Apomorphine (1.5 or 3 mg) or placebo was acutely administered to choreic patients affected by Huntington's disease in a double-blind fashion. The patients were evaluated before the administration, and at 15-min intervals for 2 h afterward, by means of a rating scale for Huntington's disease. As compared to baseline, the total score improved by 38.54% after 1.5 mg and by 30.41% after 3 mg: no variations were observed after placebo. Several items of the scale improved after the administration of 1.5 mg. An average 35.25% improvement was observed in items measuring the intensity of chorea (at rest, with arms outstretched, during conversation, and voluntary movements of the limbs): in addition, motor impersistence (as measured by tongue protrusion) and the capability to suppress associated movements (as measured by head movements during saccades) improved by an average of 31.46 and 61%, respectively. Some items of the scale improved after the administration of 3 mg. Items measuring the intensity of chorea improved by an average 30.41%; in addition, the extent of vertical gaze improved by 63.77%. These data indicate that apomorphine brings about a transient symptomatic improvement of chorea and of other associated clinical features in Huntington's disease. The time course observed for the antichoreic activity is only partially consistent with the antiparkinsonian action of apomorphine.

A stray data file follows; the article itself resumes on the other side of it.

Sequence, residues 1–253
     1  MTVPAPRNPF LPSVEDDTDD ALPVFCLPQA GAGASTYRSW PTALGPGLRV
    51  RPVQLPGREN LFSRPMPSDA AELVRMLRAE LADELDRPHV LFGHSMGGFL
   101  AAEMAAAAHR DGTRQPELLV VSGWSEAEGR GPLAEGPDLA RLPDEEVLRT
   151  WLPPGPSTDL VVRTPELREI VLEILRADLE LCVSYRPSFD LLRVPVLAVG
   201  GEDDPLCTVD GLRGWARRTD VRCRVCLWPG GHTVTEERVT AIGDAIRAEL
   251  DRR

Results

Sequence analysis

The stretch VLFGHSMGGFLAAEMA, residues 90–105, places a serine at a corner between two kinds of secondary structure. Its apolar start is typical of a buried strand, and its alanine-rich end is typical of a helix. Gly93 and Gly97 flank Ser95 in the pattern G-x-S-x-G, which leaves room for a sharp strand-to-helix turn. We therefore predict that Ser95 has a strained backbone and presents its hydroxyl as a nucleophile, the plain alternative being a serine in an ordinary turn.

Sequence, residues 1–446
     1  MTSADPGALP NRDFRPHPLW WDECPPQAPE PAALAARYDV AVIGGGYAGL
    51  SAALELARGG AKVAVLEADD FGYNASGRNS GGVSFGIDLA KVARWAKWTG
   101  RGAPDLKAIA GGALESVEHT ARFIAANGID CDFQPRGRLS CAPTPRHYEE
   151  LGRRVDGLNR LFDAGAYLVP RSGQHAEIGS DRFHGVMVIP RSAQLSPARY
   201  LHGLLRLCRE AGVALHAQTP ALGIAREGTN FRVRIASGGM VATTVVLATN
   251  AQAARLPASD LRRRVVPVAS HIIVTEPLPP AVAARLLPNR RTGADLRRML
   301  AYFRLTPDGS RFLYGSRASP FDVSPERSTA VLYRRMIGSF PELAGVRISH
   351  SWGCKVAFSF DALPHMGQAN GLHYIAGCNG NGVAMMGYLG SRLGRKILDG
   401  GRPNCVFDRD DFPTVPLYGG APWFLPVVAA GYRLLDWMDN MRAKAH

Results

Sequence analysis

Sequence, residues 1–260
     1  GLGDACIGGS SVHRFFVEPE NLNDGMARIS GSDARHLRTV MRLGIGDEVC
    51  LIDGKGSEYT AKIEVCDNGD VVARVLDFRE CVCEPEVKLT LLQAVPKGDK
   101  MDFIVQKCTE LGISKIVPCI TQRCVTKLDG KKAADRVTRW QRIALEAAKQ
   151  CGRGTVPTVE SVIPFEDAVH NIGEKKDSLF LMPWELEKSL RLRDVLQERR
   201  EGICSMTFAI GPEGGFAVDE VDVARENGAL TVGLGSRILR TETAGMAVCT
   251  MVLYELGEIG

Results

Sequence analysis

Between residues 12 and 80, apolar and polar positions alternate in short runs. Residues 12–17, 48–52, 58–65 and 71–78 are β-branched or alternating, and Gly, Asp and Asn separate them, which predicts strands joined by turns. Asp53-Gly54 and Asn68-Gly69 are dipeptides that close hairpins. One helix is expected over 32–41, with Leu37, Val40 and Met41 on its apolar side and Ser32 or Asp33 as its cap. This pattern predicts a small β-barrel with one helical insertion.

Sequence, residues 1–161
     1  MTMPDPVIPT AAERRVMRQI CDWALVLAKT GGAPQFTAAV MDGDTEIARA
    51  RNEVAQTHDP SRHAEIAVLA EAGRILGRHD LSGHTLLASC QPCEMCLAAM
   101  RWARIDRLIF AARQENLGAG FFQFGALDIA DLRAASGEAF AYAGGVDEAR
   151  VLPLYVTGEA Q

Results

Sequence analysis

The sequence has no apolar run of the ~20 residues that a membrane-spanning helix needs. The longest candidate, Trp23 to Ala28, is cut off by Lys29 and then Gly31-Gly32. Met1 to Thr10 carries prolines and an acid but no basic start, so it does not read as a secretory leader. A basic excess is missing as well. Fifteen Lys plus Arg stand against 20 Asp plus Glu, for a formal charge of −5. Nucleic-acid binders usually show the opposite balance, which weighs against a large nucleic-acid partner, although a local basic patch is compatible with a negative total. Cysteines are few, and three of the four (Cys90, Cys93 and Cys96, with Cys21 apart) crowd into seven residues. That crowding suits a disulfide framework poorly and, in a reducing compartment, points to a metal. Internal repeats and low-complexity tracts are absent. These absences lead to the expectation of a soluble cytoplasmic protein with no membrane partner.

|Number of pages||8|
|Publication status||Published - 1995|
- Huntington's disease
ASJC Scopus subject areas
- Clinical Neurology
- Pharmacology (medical)
- Pharmacology, Toxicology and Pharmaceutics(all)